Many people in their late 50s and 60s have chosen to remain in the workforce longer than previous generations. The American Association of Retired People (AARP) found in a 2003 survey that “80% of boomers are planning to work after retirement age.” For some, economic conditions such as downturns in the stock market and lower home prices may be a consideration. Others simply wish to continue their careers for personal reasons. As this demographic of older workers increases, many wonder about the impact on workers compensation claims and the related costs.
What does the research say?
Interestingly, research indicates some surprising and reassuring facts. The National Council on Compensation Insurance (NCCI) published a study in 2011 that found that older employees in the workplace have significantly less impact on workers compensation claims than previously thought. Study results indicate that the distribution of diagnoses is very similar between older and younger workers. Little difference due to age was found “in the share of permanent partial claims across a range of leading diagnoses.” Duration, treatments per claim, benefits paid per day, and costs per treatment were actually found to be higher in the younger workers (under age 35).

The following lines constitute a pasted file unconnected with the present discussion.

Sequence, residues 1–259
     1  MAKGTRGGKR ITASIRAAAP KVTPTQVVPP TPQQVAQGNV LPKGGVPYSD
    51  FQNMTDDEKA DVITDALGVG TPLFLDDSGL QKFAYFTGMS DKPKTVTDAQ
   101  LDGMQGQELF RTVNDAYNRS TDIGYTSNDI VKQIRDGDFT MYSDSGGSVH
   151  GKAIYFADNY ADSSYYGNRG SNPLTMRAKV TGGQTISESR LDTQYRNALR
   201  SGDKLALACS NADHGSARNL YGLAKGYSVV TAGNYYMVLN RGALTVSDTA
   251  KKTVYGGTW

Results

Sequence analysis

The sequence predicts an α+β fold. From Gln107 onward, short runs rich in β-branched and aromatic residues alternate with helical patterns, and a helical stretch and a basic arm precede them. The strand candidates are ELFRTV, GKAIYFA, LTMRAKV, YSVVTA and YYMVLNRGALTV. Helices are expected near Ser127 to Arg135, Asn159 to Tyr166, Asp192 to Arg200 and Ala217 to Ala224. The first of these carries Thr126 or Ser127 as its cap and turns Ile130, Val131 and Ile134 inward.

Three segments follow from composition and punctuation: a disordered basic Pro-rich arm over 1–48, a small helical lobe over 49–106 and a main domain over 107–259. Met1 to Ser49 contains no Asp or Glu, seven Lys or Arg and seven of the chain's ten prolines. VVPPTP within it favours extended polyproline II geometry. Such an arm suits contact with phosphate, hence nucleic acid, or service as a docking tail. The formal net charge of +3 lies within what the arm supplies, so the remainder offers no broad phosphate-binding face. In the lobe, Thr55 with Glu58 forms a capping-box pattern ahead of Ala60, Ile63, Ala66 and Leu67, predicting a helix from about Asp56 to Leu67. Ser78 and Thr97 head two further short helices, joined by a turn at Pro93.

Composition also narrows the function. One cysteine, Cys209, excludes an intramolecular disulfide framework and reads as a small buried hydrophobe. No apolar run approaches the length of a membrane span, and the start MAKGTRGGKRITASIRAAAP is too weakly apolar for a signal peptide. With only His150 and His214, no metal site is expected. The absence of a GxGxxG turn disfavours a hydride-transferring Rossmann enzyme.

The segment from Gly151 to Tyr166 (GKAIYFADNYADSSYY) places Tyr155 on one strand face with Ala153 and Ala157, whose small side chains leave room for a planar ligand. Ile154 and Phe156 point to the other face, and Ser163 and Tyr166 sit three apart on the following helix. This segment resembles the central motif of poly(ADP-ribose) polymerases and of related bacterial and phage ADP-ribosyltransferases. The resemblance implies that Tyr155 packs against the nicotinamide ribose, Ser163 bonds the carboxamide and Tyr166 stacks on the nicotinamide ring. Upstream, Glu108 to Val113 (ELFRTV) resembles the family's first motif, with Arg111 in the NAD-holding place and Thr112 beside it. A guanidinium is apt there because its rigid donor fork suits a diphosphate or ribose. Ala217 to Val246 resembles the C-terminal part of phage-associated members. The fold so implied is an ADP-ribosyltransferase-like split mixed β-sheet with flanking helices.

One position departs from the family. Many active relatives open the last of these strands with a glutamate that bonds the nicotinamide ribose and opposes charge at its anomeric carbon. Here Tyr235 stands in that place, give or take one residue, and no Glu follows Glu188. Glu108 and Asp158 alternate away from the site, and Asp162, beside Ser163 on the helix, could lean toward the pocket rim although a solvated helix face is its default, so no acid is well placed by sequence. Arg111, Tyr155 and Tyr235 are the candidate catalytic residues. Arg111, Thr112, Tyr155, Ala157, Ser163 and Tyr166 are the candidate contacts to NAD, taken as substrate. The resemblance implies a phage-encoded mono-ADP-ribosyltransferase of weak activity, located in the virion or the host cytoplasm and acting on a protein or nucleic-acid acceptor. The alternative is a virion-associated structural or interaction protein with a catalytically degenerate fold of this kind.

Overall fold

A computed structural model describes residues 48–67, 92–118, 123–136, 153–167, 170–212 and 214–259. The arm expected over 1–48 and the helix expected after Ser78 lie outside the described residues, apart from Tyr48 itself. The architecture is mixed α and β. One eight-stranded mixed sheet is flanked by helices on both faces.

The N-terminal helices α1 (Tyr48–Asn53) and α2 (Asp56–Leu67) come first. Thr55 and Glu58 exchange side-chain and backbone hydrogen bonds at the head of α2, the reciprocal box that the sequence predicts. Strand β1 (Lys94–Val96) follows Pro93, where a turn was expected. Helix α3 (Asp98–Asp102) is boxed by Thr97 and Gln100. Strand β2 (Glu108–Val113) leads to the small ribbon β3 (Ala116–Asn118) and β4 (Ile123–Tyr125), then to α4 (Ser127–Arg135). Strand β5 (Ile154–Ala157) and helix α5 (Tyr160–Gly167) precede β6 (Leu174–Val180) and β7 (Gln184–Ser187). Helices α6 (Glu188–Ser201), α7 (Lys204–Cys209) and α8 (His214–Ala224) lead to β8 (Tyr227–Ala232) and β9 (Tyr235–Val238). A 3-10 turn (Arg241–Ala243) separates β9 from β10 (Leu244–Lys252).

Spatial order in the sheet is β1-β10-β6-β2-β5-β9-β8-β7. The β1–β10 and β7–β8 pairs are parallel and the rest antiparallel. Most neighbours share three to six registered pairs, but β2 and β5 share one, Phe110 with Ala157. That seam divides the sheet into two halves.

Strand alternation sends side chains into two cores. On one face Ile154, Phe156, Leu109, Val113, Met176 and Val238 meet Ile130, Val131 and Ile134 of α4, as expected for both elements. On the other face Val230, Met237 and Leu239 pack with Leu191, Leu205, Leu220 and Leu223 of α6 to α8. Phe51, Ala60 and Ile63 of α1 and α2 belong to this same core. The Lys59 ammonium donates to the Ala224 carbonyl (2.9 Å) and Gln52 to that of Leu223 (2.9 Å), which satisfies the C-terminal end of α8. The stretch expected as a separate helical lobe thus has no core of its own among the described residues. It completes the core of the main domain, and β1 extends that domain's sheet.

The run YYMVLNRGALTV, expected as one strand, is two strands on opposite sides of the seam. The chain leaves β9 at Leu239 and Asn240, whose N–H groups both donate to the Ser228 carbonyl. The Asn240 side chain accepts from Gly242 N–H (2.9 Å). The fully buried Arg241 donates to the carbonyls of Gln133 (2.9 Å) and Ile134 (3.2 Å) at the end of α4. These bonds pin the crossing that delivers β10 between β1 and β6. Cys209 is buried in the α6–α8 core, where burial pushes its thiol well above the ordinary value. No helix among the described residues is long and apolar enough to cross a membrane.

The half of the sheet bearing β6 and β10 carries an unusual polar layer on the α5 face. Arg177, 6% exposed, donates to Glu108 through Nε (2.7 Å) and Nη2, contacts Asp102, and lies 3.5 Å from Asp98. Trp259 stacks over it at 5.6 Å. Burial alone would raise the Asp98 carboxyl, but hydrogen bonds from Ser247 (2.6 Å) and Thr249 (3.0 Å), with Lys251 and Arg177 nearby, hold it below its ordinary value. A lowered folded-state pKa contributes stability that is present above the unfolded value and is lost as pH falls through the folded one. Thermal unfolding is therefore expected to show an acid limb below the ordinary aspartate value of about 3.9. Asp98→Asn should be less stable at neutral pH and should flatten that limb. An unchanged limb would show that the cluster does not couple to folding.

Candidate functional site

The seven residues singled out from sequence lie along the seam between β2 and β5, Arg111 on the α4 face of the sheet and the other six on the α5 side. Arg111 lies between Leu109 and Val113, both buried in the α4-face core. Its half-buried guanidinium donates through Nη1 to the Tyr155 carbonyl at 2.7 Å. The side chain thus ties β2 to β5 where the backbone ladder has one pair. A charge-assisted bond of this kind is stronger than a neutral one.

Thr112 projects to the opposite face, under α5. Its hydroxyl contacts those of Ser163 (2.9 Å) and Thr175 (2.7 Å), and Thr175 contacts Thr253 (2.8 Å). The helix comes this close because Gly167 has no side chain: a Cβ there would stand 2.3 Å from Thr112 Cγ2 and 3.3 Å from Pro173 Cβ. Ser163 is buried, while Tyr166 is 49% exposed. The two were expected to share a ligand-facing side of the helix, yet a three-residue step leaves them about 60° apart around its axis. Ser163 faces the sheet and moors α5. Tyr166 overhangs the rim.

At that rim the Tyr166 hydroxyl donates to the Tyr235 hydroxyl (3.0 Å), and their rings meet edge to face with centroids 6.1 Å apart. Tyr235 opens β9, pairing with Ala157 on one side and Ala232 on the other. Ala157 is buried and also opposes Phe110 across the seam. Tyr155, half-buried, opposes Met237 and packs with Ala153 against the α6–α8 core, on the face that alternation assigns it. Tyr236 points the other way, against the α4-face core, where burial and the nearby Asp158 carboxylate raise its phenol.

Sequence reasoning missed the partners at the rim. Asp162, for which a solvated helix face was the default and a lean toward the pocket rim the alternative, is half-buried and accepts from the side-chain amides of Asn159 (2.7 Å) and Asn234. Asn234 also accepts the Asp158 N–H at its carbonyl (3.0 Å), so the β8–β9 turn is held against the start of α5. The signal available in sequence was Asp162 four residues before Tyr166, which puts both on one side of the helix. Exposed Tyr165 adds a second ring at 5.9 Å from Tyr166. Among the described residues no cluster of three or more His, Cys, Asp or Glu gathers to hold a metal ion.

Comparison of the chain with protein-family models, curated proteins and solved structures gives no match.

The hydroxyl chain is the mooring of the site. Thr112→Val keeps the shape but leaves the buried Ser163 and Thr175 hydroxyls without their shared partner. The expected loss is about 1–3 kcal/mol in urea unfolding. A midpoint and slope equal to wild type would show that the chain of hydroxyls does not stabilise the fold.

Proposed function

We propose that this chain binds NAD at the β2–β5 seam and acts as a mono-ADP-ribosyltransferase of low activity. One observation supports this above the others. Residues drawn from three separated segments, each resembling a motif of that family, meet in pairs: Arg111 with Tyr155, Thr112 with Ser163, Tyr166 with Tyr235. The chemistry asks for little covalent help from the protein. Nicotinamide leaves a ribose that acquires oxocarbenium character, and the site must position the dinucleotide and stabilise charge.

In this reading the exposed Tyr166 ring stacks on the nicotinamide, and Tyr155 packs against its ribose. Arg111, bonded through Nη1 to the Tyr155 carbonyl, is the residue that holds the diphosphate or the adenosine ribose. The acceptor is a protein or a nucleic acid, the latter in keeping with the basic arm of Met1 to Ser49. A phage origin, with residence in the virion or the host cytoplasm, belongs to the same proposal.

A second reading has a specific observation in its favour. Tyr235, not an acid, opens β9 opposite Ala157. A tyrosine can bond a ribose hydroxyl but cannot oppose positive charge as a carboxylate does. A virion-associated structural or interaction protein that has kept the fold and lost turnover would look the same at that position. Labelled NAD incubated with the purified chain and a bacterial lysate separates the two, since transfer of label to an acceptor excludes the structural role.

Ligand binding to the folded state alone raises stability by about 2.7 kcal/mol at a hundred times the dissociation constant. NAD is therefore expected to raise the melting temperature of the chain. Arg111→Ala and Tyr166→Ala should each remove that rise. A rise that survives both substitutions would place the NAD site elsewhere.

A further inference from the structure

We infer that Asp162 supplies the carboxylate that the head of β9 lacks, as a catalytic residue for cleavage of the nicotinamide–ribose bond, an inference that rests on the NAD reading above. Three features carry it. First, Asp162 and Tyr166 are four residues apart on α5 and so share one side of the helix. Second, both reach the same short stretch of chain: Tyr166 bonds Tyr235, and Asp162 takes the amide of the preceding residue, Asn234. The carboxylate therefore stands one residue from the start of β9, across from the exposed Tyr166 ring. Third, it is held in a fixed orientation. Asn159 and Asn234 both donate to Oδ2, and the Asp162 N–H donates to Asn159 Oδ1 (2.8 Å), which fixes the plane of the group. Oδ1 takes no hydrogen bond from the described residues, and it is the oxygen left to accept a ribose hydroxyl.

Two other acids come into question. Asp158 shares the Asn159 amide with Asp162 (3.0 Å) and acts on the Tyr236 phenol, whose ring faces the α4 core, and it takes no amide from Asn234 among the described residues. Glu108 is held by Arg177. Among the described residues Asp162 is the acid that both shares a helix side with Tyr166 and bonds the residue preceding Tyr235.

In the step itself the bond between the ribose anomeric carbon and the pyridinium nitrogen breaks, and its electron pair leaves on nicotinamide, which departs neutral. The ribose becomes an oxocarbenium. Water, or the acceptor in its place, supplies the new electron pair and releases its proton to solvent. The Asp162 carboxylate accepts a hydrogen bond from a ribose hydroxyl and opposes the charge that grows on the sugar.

Researcher Ray Fair found in his study, “Estimated Age Effects in Athletic Events and Chess” (Experimental Aging Research, 33:37-57, 2007) that while physical and mental performance does decline with age, the rate of deterioration is much less dramatic than one might expect. Fair’s study indicated that age-related deterioration in both physical and mental areas is small and gradual until age 80.
So what problems are of concern for older workers who file a claim?
The research is encouraging, but older workers do have some challenges when it comes to workers compensation claims:
- Longer periods of disability following a work related injury than their younger counterparts
- Health issues unrelated to their injury that complicate their workers comp claims
- Slip and fall injuries are more common, with serious and long-term complications for older workers